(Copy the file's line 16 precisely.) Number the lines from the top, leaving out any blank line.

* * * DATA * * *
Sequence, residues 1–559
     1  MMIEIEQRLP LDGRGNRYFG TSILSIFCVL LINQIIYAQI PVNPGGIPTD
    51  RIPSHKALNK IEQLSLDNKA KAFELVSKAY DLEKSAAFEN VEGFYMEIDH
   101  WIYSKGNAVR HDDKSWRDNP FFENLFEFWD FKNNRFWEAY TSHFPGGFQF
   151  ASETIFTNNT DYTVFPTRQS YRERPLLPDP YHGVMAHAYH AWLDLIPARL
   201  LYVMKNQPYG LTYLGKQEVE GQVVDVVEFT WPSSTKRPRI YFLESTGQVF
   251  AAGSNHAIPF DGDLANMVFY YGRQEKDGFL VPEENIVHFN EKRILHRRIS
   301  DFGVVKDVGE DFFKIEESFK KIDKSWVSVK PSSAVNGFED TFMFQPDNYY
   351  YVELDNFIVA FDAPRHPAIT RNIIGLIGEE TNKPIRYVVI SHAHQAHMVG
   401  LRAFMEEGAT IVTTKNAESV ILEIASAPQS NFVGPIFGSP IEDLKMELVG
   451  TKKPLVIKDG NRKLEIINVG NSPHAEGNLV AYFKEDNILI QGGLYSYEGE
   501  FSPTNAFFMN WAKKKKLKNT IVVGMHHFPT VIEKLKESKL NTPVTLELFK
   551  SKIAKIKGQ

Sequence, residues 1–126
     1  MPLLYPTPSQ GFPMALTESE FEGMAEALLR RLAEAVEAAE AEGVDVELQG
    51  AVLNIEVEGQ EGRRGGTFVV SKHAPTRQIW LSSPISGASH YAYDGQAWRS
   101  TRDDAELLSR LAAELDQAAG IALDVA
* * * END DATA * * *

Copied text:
    51  AVLNIEVEGQ EGRRGGTFVV SKHAPTRQIW LSSPISGASH YAYDGQAWRS